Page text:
4 March – 8 July 2017
Tuesday – Sunday | 10-18
During the First World War, the fighting on Baldo was less intense than on the Karst Plateau, the River Isonzo and on the mountains of Pasubio and Zugna. However, it was no less strategically important.
Italian troops occupied its slopes and its summit in 1915, covering a wide area of the front with their artillery batteries – from the Ledro Valley to the mountains of Brione, Stivo and Zugna.
The photos show the transportation and positioning of the artillery, the effects of the bombing, the precarious living and working conditions of the soldiers, and the evacuation and internment of civilians.
The Battalion of Volunteer Cyclists and Motorists fought on Mount Baldo in 1915, whose ranks included several futurist artists. They served on the north side of the range, particularly towards Dos Casina and Dos Remit.
In 1918, on the northern part of Baldo, units of Czech and Slovak volunteers who had deserted the Austro-Hungarian Army fought on the side of the Italian troops. Four battles took place on Dosso Alto, a small hill above Lake Loppio, that are still remembered in the annals of the history of independence of the Czech and Slovak Republics.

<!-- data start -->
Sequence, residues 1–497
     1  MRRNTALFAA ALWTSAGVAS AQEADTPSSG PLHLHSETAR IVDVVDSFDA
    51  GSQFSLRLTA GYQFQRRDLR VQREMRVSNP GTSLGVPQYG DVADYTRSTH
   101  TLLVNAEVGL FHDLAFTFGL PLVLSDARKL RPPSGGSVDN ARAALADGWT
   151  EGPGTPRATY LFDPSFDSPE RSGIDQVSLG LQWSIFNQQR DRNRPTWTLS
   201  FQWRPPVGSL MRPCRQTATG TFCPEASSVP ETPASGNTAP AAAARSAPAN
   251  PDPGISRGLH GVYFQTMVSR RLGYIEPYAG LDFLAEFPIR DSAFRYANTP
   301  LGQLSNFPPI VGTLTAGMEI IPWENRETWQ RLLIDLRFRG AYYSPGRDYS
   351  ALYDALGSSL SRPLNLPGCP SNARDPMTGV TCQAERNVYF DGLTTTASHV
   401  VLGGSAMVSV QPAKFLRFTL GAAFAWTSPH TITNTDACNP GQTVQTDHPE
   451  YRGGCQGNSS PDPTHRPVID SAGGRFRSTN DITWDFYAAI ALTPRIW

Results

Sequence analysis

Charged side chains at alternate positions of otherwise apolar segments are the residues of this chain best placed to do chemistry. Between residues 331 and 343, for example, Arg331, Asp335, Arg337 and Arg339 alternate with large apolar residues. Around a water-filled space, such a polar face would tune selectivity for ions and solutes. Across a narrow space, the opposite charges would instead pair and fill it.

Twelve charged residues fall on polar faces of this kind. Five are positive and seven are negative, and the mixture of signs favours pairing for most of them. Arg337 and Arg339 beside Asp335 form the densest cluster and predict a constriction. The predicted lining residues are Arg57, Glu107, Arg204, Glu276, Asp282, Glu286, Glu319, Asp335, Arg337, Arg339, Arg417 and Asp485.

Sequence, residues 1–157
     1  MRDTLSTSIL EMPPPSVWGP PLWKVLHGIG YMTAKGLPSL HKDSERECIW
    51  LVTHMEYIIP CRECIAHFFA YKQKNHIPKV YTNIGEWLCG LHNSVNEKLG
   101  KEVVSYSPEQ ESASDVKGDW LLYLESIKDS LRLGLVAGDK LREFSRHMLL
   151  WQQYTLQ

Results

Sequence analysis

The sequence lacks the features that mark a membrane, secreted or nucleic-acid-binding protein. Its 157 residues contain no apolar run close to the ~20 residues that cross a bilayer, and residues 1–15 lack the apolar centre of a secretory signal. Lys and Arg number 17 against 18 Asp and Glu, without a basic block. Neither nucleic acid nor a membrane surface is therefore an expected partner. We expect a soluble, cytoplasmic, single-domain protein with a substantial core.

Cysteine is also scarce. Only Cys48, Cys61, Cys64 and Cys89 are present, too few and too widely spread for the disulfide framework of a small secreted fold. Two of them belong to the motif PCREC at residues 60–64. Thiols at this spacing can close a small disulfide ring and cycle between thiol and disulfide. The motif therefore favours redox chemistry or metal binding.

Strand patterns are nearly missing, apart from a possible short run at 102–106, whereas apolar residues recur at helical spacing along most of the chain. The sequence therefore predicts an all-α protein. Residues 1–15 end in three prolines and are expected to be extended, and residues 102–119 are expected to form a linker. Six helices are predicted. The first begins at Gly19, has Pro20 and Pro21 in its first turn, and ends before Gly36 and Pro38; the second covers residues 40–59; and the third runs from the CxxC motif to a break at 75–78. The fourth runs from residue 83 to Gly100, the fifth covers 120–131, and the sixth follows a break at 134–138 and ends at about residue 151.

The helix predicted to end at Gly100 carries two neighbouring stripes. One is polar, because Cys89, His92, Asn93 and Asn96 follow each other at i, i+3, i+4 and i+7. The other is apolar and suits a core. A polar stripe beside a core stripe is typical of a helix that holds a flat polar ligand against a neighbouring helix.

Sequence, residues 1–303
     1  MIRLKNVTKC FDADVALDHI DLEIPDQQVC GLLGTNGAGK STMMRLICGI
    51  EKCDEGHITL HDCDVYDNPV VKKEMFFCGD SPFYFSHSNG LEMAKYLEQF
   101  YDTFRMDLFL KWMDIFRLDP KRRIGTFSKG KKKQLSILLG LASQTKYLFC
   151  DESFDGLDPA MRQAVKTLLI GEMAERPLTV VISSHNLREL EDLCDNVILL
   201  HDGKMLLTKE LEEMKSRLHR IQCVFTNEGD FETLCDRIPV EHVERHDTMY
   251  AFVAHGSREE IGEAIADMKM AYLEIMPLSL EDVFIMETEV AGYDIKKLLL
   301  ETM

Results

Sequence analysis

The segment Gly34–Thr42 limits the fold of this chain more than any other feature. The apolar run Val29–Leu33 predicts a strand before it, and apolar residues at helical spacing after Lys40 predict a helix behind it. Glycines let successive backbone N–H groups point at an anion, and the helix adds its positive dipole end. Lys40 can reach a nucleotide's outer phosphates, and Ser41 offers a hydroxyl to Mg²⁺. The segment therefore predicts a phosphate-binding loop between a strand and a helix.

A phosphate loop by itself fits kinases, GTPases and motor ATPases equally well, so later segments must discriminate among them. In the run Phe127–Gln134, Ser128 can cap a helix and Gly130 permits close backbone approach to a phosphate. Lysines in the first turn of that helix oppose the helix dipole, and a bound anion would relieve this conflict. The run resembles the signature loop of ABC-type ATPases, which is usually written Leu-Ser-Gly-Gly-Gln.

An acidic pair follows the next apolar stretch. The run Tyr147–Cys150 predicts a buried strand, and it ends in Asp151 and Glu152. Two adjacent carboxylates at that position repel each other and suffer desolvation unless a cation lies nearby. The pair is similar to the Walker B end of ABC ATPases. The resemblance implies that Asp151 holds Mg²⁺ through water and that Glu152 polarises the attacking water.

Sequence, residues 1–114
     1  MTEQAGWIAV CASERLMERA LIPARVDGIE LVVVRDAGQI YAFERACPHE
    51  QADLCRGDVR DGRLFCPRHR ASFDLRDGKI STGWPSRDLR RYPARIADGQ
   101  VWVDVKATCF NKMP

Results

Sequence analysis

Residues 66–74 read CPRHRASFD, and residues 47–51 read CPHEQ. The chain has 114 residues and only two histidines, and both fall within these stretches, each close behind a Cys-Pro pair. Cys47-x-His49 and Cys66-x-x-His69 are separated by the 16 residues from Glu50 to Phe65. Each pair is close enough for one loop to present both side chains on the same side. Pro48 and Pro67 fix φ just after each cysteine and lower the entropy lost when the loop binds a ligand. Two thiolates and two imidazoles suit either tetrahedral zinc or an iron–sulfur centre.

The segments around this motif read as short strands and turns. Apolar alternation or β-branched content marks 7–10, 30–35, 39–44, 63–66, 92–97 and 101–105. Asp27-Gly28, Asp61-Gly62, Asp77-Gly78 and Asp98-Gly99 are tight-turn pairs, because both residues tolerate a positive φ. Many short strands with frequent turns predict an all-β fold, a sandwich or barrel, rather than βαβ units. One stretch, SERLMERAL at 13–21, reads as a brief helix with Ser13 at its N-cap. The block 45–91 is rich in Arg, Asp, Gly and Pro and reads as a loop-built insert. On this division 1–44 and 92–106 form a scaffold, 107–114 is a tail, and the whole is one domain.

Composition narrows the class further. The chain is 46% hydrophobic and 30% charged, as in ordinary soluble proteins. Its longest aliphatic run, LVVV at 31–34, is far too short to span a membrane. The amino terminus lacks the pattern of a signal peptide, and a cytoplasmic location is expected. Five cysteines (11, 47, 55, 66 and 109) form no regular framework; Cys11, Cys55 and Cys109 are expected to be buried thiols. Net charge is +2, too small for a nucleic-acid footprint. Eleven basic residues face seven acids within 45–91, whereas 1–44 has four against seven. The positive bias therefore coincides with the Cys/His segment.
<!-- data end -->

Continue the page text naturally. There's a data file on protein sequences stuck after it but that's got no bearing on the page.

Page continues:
The war here was like on all other fronts, alternating danger and hardship; a war often endured, unwelcome and hated, reads the diary of Alessandro Silvestri, whose words accompany the images on display.
Alessandro Silvestri (Marano di Valpolicella, 1887-1966) was a composer and organist. In 1912, to avoid being sent to Libya, he deserted. After serving his sentence, he fought on Baldo, first on the Lake Garda side, then in Vallagarina. In the autumn of 1916, he was transferred to the Karst Plateau, where he was taken prisoner. He left a war diary which was recently published by the War Museum and the Comune di Brentonico.